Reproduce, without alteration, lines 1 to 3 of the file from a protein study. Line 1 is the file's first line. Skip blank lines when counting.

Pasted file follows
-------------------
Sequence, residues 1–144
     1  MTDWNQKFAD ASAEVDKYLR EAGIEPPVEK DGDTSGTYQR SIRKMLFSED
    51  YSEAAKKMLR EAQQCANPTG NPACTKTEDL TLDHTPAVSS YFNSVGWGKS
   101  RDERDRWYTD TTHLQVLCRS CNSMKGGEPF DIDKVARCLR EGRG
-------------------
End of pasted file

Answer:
Sequence, residues 1–144
     1  MTDWNQKFAD ASAEVDKYLR EAGIEPPVEK DGDTSGTYQR SIRKMLFSED
    51  YSEAAKKMLR EAQQCANPTG NPACTKTEDL TLDHTPAVSS YFNSVGWGKS